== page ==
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Fortean Times

Fortean Times 396

Fortean Times chronicles the stranger side of life, delivering a heady mix of weird world news, up-to-date reports and features on every aspect of the unexplained: myths, monsters, ghosts and UFOs rub shoulders with ancient wonders and future science, while expert columnists bring you the latest on everything from cryptozoology to conspiracy theory. Open-minded, well informed and maintaining a healthy sense of humour, Fortean Times is the only place to go for a sensible look at our mad planet – it will change the way you see the world.

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Country:
United Kingdom
Language:
English
Publisher:
Dennis Publishing UK
Frequency:
Monthly
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£42.99
12 Issues

in this issue

3 min.
editorial

Back in February, in these pages, Richard Stanley, in a provocative and wide-ranging article on one of the 20th century’s cult literary figures (FT390:28-36), predicted that “2020 will be remembered as the year HP Lovecraft’s Cthulhu mythos entered the mainstream.” In the timeline we now inhabit, it seems likely that 2020 will be remembered not so much for the spread of the ‘Mythos Meme’ through popular culture as the spread of Covid-19 through a large part of the world’s population; now, metaphorical memes feel like a luxury, supplanted by the harsher reality of an actual virus. We suspect that this is an irony that Lovecraft, with his limitless reserves of misanthropy and cosmic nihilism, would have noted, and possibly even relished. But, then, in another unforeseen turn of events, the killing…

3 min.
the moth shall rise again

Amid the worldwide movement seeking to remove statues of historical figures now deemed problematic, in West Virginia there is a growing campaign to replace them with images of an alternative local hero – Mothman. The initiative took off on 8 June when 24-year-old Twitter user Brenna (@ HumanBrennapede) proposed a petition in support of replacing Confederate statues with those of the legendary cryptid. “As a West Virginia native, I’d like to think we’re all spiritually connected to him,” she explained. Jay Sisson, 30, a teacher and another proud West Virginian, decorates his ninth-grade classroom with what he believes to be uplifting figures from the state’s past: Sasquatch, the Flatwoods Monster, and, of course, Mothman. He believes these “brave but often misunderstood heroes represent a certain rugged individualism and perseverance” that he…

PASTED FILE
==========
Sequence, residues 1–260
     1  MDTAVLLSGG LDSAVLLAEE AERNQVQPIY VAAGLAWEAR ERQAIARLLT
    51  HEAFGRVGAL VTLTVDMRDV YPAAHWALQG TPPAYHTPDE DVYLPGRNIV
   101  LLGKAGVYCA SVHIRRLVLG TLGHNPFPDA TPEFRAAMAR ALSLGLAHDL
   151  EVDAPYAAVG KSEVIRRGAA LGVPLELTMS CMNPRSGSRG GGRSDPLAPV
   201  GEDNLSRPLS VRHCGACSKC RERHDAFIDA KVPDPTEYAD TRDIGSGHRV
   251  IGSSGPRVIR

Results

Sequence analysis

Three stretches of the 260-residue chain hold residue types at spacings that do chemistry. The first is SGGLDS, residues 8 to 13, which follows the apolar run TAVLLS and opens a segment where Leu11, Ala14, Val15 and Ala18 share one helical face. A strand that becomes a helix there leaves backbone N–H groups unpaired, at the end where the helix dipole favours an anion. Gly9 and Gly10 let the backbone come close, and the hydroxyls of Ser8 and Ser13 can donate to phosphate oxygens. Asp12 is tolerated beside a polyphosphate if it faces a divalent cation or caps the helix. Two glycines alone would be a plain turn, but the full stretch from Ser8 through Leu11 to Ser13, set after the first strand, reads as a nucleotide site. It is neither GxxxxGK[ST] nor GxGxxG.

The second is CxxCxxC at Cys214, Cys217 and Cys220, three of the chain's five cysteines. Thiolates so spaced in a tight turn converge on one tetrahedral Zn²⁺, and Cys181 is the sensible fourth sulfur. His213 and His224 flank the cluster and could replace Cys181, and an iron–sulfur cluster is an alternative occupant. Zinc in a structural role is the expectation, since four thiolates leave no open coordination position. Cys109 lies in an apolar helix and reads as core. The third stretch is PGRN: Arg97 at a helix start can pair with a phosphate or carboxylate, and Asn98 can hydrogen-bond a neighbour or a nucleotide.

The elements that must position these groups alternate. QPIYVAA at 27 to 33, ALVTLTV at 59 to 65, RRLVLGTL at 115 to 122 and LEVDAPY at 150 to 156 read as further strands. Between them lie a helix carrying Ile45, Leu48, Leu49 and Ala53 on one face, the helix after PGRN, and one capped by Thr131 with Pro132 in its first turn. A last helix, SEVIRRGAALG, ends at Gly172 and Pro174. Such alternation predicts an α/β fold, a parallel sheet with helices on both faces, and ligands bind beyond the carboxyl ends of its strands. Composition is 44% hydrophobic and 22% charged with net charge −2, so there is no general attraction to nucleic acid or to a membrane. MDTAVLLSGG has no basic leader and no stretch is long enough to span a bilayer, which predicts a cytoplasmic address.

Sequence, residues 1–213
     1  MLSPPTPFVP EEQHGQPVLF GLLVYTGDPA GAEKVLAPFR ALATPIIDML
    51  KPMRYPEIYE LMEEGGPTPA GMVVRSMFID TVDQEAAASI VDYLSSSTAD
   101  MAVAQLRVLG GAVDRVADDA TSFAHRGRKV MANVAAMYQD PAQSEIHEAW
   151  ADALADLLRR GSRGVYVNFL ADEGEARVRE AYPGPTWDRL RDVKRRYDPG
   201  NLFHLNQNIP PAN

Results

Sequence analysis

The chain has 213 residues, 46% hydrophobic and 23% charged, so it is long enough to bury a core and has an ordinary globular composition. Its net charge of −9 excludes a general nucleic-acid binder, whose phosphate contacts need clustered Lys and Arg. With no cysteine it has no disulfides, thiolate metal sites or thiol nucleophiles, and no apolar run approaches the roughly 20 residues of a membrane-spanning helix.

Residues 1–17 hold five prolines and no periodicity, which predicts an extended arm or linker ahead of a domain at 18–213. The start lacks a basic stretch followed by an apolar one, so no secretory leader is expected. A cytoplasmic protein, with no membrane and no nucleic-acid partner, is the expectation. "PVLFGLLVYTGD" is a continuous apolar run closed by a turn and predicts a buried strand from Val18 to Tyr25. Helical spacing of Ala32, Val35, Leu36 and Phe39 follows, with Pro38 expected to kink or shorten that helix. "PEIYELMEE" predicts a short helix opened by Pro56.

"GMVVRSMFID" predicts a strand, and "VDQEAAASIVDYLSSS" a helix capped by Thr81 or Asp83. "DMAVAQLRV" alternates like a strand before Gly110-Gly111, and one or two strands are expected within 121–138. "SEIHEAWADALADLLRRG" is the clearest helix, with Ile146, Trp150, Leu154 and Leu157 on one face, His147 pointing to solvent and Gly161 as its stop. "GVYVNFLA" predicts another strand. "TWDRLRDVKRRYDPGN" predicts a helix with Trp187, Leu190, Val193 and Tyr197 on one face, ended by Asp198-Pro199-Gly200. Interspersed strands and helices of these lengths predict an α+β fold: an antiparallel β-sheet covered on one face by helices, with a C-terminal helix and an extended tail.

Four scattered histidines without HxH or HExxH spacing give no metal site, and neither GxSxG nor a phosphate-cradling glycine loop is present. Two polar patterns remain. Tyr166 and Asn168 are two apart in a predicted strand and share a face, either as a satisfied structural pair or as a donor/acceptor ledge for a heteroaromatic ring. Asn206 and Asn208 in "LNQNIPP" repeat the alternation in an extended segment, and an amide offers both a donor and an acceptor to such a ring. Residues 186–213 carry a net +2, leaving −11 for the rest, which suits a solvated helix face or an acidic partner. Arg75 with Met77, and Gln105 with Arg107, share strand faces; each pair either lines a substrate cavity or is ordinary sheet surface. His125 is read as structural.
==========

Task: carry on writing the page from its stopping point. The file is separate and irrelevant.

1 min.
the last leprechaun whisperer

Ireland’s last leprechaun whisperer assured viewers of ITV’s This Morning that the Irish fairies are coping well with coronavirus lockdown. Kevin Woods, from Carlingford in County Louth, is a prominent leprechaun advocate who successfully lobbied the EU to have a nearby mountain recognised as a ‘Designated Area of Protection for Flora, Fauna, Wild Animals and Little People’, under the EU Habitats Directive. He also runs a tour firm called ‘Last Leprechauns of Ireland’, describing himself as a ‘custodian’ of the iconic Irish sprites. Although Ireland has been gravely affected by the pandemic, Mr Woods told viewers that Ireland’s leprechauns “don’t have a problem with it”. He also sought to reassure the public that he had not broken any lockdown measures during his encounters: since leprechauns are actually spirits who manifest themselves…

7 min.
coronavirus corner

GUARDIAN ANGELS In his pastoral letter addressing church closures during the coronavirus pandemic, Cardinal Vincent Nichols, Archbishop of Westminster and spokesman for the Roman Catholic church in England and Wales, has suggested people ask for the intercession of a guardian angel; while human beings cannot currently enter churches for Holy Communion, they may ask an angel to act on their behalf, since locked doors present no barrier to them. He quoted a prayer beginning: “Dear Guardian Angel, go for me to the church, there kneel down at Mass for me… During Holy Communion, bring to me the Body and Blood of Jesus uniting Him with me in spirit, so that my heart may become His dwelling place… When the Mass ends, bring home to me and to every home, the Lord’s…

3 min.
the valley of the dawn

Every year on 1 May, before sunrise, several thousand people silently congregate at a temple outside the Brazilian capital of Brasília. They are Members of the Vale do Amanhecer (‘Valley of the Dawn’) religious group, and this ‘Day of the Indoctrinator’ ceremony, attracts devotees from around the world to ‘synchronise their spiritual energies’. As the Sun’s rays appear over the horizon, a collective droning sound fills the air as the devotees, wearing elaborate and brightly-coloured costumes, begin chanting their personal ‘emissions’, intended to invoke cosmic forces which they then believe may be ‘manipulated’ for healing purposes. This year’s ceremony, of course, was postponed because of the coronavirus pandemic. Devotees of the group say they belong to a ‘spiritual tribe’ called the Jaguars, supposedly the reincarnated descendants of highly advanced extraterrestrials sent…

6 min.
auction oddities

MYSTERIOUS ‘VAMPIRE SLAYING KIT’ A ‘vampire slaying kit’ (see FT288:32-39; 291:5; 377:23) complete with shark’s teeth, crucifixes and a 19th century Bible was put up for sale at a Derbyshire-based auctioneers on 21 July. The equipment’s age is unclear, its owner having bought it from a large antiques fair in Newark-on-Trent. The owner, who wished to remain anonymous, said: “I know very little of its history. I have had it in my own collection for three years now,” adding “I loved the look of the Gothic box and, when I opened it, I just had to have it.” The would-be vampirehunter’s equipment is housed within a lockable, velvetcovered box, lined with crimson silk. Its lid bears an oval enamel painting depicting the resurrection of Christ, and the box itself contains a carved…